We are technicians. We work with our hands and our head with one single objective: our patient.
🕐 2:30 minutes
Head and Hands.
The hands, it’s the know-how that makes a nurse vital to the patient care process. This is what makes a nurse the interface between the doctor and the patient. This know-how is a combination of theoretical knowledge, personal experience and actual healing acumen.
The etiquette is what a nurse doesn’t learn at school; the human touch of a job which is constantly shaken by joyful, dramatic, absurd and personal situations.
The Challenge of Change: Meeting the Evolving Needs of Patients.
The first big change here is the patients’ appetite for immediacy.
Today the acceptable level of pain for the patient is extremely low. Patients want to suffer less. They want the suffering to be short-lived. They’d like the healing to be like on TV: one diagnostic, a healing trick, and the pain is gone. We can adapt to that by listening more to the patients, by explaining more.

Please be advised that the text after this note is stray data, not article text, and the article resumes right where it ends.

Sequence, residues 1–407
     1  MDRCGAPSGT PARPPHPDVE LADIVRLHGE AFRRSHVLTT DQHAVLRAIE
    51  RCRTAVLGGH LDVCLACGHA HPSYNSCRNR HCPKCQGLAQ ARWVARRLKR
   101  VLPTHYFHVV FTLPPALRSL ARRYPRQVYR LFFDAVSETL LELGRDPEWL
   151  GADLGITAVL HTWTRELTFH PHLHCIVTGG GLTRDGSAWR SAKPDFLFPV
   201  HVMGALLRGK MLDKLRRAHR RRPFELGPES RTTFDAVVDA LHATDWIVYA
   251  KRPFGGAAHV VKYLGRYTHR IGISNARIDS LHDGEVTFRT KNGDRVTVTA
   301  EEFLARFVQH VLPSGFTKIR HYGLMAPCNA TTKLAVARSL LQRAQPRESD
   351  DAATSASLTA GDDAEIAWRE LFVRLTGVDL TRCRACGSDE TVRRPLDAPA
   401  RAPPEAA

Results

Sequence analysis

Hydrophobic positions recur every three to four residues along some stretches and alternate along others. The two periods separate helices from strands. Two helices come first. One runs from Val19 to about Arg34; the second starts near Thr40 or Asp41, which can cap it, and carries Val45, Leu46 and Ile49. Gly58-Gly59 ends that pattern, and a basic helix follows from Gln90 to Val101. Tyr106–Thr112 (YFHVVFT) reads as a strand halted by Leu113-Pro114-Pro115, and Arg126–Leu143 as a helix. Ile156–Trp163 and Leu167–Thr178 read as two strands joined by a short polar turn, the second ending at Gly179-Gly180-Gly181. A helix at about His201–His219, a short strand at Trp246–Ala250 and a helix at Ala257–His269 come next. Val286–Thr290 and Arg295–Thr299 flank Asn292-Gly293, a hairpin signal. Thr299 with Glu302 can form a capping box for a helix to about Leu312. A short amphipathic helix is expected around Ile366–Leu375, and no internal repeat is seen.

The second big change is about being challenged.
Today, patients question, challenge, and contest us. Self-diagnosis and self-care are wide spread behaviours as they have an easier access to information through sources that may not be accurate and that are not personalised.
And a personalised approach is the key. There is no standard care. Care is about customization, adaptation and tailor-made solutions. You won’t find that on a forum. The upside is that nurses have the right amount of charisma that enable us to be prescriptive when we are challenged.
The Private Nurse: A Profession of Resilience
Jean-Marie Boulenouar is a retired private nurse who has been on the roads for 22 years. He just published his first book, “Aventures et… Mes aventures d’un infirmier à domicile” -- funny, sweet and touching moments of his patients’ life.